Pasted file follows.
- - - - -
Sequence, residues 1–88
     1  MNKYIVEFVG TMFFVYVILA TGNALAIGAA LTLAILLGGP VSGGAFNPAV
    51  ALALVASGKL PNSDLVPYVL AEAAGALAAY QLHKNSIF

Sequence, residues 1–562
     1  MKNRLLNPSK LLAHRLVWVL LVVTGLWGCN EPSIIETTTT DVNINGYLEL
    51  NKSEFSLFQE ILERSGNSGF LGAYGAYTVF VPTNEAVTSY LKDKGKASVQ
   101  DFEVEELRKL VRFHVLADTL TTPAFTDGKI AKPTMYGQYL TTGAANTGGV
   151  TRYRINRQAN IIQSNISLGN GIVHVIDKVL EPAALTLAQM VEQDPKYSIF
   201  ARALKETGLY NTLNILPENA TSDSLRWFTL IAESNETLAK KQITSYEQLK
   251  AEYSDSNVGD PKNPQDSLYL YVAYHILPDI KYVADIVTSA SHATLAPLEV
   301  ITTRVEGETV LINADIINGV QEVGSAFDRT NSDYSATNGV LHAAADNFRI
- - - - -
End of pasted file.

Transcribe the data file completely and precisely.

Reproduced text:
Sequence, residues 1–88
     1  MNKYIVEFVG TMFFVYVILA TGNALAIGAA LTLAILLGGP VSGGAFNPAV
    51  ALALVASGKL PNSDLVPYVL AEAAGALAAY QLHKNSIF

Sequence, residues 1–562
     1  MKNRLLNPSK LLAHRLVWVL LVVTGLWGCN EPSIIETTTT DVNINGYLEL
    51  NKSEFSLFQE ILERSGNSGF LGAYGAYTVF VPTNEAVTSY LKDKGKASVQ
   101  DFEVEELRKL VRFHVLADTL TTPAFTDGKI AKPTMYGQYL TTGAANTGGV
   151  TRYRINRQAN IIQSNISLGN GIVHVIDKVL EPAALTLAQM VEQDPKYSIF
   201  ARALKETGLY NTLNILPENA TSDSLRWFTL IAESNETLAK KQITSYEQLK
   251  AEYSDSNVGD PKNPQDSLYL YVAYHILPDI KYVADIVTSA SHATLAPLEV
   301  ITTRVEGETV LINADIINGV QEVGSAFDRT NSDYSATNGV LHAAADNFRI